Not to be rude, but I have to ask: if the "security" in Beijing weren't so busy cracking down on dissidents of all stripes, would there have been more of it available to patrol the streets, in particular the tourist areas? According to the AP, "Chinese authorities unsettled by the attack during the Beijing Olympics tightened security at tourist spots around the city" (emphasis added). I have to believe that said security could have been tightened before the Games began without so many being diverted for political reasons.

Moreover, while such a statement may sound outrageous in the particular, it makes sense in the abstract for another reason: when political dissent is considered criminal, actual crime is no longer seen as so outrageous. The cadres themselves have resorted to theft and murder repeatedly to achieve their aims. So from a philosophical perspective as well as a resource one, tyranny and criminality seem to go together.

The Beijing Olympics has garnered a slew of protests and warnings over Communist China's human rights abuses (Boycott 2008, CTV, The Epoch Times, more Epoch Times, and National Review Online). As far as I know, however, I'm the only one to broach this subject. Maybe it's because I'm a little more willing to take the logic train where others fear to go - or maybe it's because I'm way off-base.

Either way, the fake splendor that was the opening ceremony can't erase complaints from the Chinese people about the Games (Epoch Times), or the Communists' continued efforts to replace America as the lead power in the world (BBC and Financial Times) - complete with propping up their Korean colony (One Free Korea). It hasn't even stopped James Dorn's slow shift away from the "engagement" crowd (Washington Times), FWIW.

Friday, August 08, 2008


Four days ago, in response to comments by John McCain regarding Russia and Communist China, I wrote this:
Russia has also received criticism regarding its interference in Georgia and its
occupation of Chechnya. The criticism in the former is undoubtedly deserved, but
Georgia is still its own country . . .

Well, Georgia is still its own country, but my implied statement (that Russia was not occupying Georgia) evaporated this morning (National Review Online - The Corner). I still think McCain was far too optimistic on Communist China, but I'm willing to move a lot closer to his skepticism on Putinist Russia now.

Open Letter to Maurice Strong

Dear Mr. Strong,

I have read you column in Macleans yesterday evening, and I must confess that I found it remarkable - in its deep denial of the truth, servility to the Communist regime that hosts and protects you, and utter lack of recognition of how the free world thinks and acts. With any luck, you may read this and come to see your egregious errors. Even in the more likely possibilities that you remain unmoved by this (or unaware of it), others who have read your column may see this as well so that they may not fall prey to your long-winded illusions.

The first of which is your notion that the restrictions placed upon the Chinese people are "minimal." People of faith through the land you call home suffer far more than "minimal" restrictions on their right to practice their religion (Boycott 2008 and Epoch Times). Nor would attorney Gao Zhisheng, who has been imprisoned and tortured simply because he asked for such "minimal" restrictions to cease (Epoch Times). I would also refer you to the relatives of the Tiananmen massacre victims (See also Pajamas Media).

This is a truth that is recognized throughout the world, and neither your attempts to minimize it nor your subsequent descent into moral relativism can explain it away. Even among the center-left in the free world, where your criticisms of democratic nations are most well-received, the step you take towards dismissing the abuses of the Chinese Communist Party is simply not taken (Boycott 2008 and Epoch Times). Even the most virulent opponents of American foreign policy, such as The Progressive, make clear that, in their words: "This is not to say that Bush’s human rights abuses are equal to China’s." Thus the notion you imply and hope to sell to the free world is in fact rejected across the political spectrum here (to see the political right's response, if you wish, I refer to the Washington Examiner).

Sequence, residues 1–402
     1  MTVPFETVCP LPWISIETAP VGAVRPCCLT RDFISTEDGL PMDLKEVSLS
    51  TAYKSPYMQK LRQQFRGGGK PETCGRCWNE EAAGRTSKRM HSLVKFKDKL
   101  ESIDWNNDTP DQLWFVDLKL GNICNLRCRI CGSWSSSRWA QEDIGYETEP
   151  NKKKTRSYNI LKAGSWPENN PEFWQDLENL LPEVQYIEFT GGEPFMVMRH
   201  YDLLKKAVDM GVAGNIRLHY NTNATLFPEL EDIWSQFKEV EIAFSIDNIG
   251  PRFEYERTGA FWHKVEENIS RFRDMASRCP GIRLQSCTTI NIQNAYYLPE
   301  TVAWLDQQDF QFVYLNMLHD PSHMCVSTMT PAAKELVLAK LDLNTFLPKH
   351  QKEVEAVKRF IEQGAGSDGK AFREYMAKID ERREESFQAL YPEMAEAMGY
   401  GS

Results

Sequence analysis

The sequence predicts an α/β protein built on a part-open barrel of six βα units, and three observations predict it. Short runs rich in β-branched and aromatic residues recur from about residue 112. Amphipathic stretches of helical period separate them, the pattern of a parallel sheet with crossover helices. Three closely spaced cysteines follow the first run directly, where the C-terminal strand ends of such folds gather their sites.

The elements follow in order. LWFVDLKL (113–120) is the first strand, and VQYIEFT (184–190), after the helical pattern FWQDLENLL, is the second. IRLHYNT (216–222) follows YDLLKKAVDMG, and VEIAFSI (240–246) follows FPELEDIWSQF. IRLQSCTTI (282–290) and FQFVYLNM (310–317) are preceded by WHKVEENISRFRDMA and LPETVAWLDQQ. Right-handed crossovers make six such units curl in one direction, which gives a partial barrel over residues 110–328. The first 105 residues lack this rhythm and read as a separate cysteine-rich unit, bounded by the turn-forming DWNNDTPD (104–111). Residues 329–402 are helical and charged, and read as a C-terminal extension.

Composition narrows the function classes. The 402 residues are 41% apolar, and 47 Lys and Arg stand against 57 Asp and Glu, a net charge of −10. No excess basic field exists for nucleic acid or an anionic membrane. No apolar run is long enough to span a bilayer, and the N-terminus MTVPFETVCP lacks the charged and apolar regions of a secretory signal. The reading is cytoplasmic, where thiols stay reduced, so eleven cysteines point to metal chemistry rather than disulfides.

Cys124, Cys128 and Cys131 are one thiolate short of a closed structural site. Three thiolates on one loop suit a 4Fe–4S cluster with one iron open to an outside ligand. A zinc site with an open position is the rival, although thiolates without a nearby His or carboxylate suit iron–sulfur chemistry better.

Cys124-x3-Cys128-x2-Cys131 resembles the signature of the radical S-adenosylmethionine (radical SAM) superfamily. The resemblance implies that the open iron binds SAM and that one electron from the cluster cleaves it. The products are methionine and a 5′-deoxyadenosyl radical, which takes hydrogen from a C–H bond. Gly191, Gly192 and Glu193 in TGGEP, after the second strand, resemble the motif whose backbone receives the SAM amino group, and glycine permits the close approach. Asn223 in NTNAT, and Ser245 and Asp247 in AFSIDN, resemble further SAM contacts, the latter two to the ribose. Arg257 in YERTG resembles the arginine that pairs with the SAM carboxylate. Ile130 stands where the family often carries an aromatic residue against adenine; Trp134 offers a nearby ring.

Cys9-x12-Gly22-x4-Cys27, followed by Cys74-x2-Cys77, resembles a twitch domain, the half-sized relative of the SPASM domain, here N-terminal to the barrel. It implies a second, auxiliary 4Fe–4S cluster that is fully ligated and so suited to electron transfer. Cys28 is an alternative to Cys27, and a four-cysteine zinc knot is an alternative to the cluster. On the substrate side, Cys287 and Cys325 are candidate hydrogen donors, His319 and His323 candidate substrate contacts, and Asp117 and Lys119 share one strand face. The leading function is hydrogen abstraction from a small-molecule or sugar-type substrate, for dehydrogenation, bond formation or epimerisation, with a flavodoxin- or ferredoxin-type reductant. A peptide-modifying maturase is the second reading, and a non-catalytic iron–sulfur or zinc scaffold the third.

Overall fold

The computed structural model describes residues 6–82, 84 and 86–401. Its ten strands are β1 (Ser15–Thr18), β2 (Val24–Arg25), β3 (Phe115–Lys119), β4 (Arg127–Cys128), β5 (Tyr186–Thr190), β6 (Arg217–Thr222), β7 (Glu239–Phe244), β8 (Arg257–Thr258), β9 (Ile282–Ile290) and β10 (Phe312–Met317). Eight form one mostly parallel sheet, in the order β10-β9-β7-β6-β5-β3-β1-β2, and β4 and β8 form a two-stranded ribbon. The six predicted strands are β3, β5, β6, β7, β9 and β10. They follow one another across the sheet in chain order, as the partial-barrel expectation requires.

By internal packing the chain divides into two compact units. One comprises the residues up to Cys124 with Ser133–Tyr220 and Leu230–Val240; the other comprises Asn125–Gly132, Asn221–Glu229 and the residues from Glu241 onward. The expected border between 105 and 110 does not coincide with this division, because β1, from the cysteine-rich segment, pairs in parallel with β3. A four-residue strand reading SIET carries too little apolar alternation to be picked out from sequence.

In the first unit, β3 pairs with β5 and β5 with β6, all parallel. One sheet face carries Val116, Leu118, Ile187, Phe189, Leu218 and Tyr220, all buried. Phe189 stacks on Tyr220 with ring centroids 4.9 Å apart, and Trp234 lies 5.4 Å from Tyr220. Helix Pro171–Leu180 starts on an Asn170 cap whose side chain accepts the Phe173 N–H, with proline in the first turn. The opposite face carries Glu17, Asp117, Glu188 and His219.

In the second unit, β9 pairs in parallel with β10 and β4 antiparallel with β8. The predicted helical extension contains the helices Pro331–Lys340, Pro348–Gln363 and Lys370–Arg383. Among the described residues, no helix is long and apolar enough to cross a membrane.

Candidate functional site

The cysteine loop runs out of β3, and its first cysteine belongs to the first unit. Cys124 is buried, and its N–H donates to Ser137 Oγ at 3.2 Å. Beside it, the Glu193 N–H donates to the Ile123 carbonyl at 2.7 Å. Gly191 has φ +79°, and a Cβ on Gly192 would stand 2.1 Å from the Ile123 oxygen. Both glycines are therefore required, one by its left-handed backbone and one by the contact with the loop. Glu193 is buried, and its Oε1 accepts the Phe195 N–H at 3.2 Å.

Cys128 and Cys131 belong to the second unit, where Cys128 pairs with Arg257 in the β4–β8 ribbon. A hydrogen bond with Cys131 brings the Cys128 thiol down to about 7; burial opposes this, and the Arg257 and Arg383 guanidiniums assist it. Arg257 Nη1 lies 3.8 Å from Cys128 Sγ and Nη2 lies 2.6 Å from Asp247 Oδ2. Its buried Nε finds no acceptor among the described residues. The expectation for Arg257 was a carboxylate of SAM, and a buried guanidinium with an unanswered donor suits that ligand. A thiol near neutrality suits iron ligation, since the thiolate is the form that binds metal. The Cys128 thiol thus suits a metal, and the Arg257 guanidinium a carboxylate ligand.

Having failed to understand our politics, you move on to miss economics. To claim that Communist China is "utilizing the methods of capitalism" without a functioning rule of law or genuine property rights is to completely misunderstand the term. "Capitalism" - or, to be more precise, a free market economy - does not exist without genuine property rights, and as any rural village citizen could tell you (if they felt safe enough to do so), genuine property rights do not exist in Communist China. Neither does the rule of law, although if you perhaps attempted to earn a profit in Beijing rather than hold down a United Nations sinecure you would probably be more aware of that.

Your discussion of "climate change" is also flawed. The idea that "those who have contributed most to the problem of climate change must take the lead" sounds wonderful, but does nothing to address the fact that exempting Communist China from any post-Kyoto agreement (or limiting its impact on it) will do nothing to impact carbon emission now that Communist China is the largest carbon emitter on Earth. To further use the issue to rant against "the wasteful and indulgent appetites of the rich and their pre-emption of a disproportion of the world's resources" is particularly brazen given that your friends in the CCP elite exercise these indulgences and pre-emptions with far more gall and self-absorption than anyone in the free world (outside of its criminal element) would even dare.

Moving on to your historical errors, I am curious as to how the people of East Turkestan and Tibet would react to your assertion that "China's territorial disputes with its neighbours have been confined to differences over their boundaries rather than attempts to occupy or annex them." Not that any Tibetans or East Turkestanis are allowed to speak freely on this matter, thus you can resort to the typical Communist propaganda on Tibet that is justified by nothing but Nazi lies. Then again, that isn't the only time the Communists have looked to the Nazis for inspiration (Small Dead Animals).